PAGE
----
As we continue our training for the ride of the Cabot Trail we have some firsts to report.
Food (and drink!)
Part of our 'pitch' during the information session included an insistence that this wouldn't be all hard work - that there would be social events throughout our training, both after rides and as stand-alone events. We also stressed that this was the participants' project, not ours. In other words, we wouldn't be responsible for the organization of anything beyond the training opportunities. A week ago we had our first social event - a potluck dinner in a home - and I didn't have to do anything but show up.
12 people attended of the 20 or so who now seem committed. Most were strangers to one another except for name and face recognition from classes. I was astounded by how easily they connected and even more amazed by the discussions that they initiated - principally about fear. Everyone shared, without prodding, their reservations about the trip. Some were deeply personal stories and several involved the lack of support they felt at home.
As an outgrowth of the discussions at the dinner, four of us have met to discuss ways to capture this information now and at several points during the training process. We all feel strongly that there's merit in recording the change we know will occur in both the participants and their support systems. We are actively pursuing radio and video documentary options and are committed, in any event, to a text-based record of our experiences. In addition, one participant is the editor of a local lifestyle magazine http://www.saltscapes.com/and a freelance writer. She is pitching the story to national publications with wide readership.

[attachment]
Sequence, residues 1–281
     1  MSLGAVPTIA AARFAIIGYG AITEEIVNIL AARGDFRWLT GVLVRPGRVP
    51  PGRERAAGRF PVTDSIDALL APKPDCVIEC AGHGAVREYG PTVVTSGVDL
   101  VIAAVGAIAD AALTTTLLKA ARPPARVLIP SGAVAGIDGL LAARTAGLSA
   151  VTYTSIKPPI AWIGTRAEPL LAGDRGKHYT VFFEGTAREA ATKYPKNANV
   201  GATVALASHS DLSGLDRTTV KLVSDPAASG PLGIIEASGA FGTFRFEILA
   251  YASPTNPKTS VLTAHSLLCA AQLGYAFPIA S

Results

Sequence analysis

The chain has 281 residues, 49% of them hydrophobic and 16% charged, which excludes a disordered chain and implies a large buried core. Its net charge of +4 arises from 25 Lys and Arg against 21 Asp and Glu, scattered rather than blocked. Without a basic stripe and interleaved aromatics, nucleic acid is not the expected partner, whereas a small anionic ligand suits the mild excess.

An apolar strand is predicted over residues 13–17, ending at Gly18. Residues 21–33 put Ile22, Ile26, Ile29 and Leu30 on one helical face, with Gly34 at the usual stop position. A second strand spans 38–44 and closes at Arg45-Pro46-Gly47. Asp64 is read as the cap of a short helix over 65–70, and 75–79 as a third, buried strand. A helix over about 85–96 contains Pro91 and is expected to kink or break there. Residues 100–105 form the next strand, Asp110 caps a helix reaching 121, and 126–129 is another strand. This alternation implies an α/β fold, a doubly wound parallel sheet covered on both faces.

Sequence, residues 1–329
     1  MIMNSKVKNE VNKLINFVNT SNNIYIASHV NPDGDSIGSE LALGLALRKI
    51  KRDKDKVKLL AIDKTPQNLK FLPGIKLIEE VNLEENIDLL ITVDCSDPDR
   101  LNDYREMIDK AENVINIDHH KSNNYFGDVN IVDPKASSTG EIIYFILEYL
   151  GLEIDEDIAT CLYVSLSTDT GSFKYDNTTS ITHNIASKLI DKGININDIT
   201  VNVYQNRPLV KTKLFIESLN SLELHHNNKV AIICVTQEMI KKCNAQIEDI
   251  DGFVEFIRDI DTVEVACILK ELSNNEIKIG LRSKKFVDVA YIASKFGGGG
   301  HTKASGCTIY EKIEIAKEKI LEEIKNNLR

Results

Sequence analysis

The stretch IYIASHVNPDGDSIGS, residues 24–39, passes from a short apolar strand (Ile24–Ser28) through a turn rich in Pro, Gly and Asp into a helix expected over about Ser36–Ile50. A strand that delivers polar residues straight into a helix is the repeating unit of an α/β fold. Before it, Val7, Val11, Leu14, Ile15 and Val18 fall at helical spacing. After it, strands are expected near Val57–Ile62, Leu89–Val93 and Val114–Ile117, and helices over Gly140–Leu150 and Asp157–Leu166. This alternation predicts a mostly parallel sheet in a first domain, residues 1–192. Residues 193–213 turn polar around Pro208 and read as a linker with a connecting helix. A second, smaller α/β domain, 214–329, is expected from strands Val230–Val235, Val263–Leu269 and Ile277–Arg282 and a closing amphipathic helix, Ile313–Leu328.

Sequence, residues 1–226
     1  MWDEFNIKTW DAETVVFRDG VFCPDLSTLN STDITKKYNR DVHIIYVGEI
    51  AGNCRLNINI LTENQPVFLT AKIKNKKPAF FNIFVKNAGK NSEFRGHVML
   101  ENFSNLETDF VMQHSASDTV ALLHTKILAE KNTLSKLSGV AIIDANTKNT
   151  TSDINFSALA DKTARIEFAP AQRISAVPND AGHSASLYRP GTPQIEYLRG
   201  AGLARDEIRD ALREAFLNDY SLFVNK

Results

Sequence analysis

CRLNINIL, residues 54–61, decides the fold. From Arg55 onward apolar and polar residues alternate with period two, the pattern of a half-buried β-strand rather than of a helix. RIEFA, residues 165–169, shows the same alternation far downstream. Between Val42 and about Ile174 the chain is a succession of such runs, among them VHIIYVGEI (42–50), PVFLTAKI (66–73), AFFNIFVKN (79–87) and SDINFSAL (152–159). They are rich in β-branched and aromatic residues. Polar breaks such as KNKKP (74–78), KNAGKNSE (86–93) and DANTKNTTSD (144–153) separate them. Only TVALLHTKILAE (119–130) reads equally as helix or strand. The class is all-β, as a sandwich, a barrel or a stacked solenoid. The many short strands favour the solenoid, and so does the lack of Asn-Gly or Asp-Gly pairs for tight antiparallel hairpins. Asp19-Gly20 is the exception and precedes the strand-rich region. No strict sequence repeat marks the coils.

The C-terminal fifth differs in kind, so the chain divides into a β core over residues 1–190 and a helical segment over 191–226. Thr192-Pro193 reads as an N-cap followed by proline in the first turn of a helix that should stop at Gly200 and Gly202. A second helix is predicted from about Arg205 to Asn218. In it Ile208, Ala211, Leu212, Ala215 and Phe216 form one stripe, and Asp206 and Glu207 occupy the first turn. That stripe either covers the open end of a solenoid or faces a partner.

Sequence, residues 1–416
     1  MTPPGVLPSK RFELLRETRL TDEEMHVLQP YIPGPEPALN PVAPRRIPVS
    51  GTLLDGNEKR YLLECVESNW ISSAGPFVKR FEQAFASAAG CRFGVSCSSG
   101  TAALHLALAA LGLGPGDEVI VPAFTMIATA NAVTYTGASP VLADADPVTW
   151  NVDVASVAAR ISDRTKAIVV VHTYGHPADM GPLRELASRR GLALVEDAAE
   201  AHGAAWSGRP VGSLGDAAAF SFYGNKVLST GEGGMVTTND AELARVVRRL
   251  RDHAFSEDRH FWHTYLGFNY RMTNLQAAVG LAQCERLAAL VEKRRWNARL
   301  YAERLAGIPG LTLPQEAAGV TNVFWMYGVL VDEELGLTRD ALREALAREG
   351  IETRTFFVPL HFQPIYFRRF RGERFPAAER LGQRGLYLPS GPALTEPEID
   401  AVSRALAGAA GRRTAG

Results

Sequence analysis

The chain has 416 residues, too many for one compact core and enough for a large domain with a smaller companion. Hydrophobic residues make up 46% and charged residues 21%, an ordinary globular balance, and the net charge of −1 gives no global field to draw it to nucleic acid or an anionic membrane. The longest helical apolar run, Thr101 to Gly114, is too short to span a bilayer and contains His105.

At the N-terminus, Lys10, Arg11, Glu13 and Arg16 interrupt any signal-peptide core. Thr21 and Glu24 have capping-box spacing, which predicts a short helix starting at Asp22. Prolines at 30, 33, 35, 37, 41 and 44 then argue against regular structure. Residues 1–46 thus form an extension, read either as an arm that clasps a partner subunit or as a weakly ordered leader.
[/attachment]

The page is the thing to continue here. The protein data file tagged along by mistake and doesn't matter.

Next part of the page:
Data, data, data
March 31 brought the first pile of training logs to my desk. I am having people use the simple session RPE system which Carl Foster outlined in one of his presentations at the ICI/PRO conference. The logs were very complete which I think speaks to the ease of use and common sense nature of the system.
I was able to turn around the logs by the following day and handed out lovely colored charts and a page of notes to each person. They, in turn, were able to address the group on the impact of keeping a log. I predict that their observations along with the pretty pictures and personal comments will inspire more people to collect their own data.
New bikes, first rides
There are several new bikes in the group and all of the new owners have braved the iffy spring weather for their first rides of the year. I am delighted by their enthusiasm but truly impressed by the fact that they all used their heart rate monitors outside.
Drier weather and warming temperatures mean that we will do our first group trail ride in two weeks. That's a few weeks earlier than I had scheduled and it is possible not only because of good riding conditions but because people will be physically and mentally ready for the challenges I have planned. I'll send a report after we have done a few rides and skill clinics.